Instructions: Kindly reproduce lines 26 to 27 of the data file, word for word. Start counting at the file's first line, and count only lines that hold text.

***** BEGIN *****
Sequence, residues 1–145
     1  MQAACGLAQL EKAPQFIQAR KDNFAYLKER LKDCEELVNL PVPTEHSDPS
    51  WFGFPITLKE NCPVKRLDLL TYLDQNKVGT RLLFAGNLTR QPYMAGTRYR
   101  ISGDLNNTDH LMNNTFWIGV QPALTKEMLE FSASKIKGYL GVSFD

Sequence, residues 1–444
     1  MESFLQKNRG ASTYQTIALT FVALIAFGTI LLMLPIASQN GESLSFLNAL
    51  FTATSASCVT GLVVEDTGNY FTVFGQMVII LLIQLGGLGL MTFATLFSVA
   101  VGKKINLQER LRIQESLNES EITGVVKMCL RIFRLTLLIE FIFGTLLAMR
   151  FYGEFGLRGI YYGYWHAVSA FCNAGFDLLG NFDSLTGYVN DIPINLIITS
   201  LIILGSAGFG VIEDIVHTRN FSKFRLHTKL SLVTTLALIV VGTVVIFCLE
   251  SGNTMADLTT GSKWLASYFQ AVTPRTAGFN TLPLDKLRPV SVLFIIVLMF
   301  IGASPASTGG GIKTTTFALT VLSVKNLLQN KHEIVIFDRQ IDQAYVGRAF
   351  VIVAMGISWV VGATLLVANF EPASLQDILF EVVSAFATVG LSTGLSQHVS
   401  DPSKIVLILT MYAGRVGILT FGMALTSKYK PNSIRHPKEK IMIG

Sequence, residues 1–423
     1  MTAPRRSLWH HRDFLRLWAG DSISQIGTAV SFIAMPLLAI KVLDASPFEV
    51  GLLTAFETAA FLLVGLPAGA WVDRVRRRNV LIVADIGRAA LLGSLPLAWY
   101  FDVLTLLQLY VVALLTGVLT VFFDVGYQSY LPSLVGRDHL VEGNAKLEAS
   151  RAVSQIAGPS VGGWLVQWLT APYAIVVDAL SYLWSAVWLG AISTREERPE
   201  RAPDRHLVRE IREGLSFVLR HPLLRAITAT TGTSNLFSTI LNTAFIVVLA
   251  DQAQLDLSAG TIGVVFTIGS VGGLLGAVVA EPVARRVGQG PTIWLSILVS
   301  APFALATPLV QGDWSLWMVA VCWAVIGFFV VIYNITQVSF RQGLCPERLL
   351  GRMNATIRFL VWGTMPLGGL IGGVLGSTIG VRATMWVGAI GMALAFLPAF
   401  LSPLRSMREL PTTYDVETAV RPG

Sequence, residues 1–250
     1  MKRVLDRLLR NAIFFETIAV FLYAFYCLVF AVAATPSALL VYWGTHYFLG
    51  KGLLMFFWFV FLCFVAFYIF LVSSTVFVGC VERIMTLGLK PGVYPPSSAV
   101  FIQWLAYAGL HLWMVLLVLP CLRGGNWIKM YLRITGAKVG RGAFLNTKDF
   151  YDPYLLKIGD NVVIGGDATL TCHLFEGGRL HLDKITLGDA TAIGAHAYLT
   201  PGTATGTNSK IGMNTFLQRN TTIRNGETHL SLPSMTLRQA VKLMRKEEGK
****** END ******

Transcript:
     1  MKRVLDRLLR NAIFFETIAV FLYAFYCLVF AVAATPSALL VYWGTHYFLG
    51  KGLLMFFWFV FLCFVAFYIF LVSSTVFVGC VERIMTLGLK PGVYPPSSAV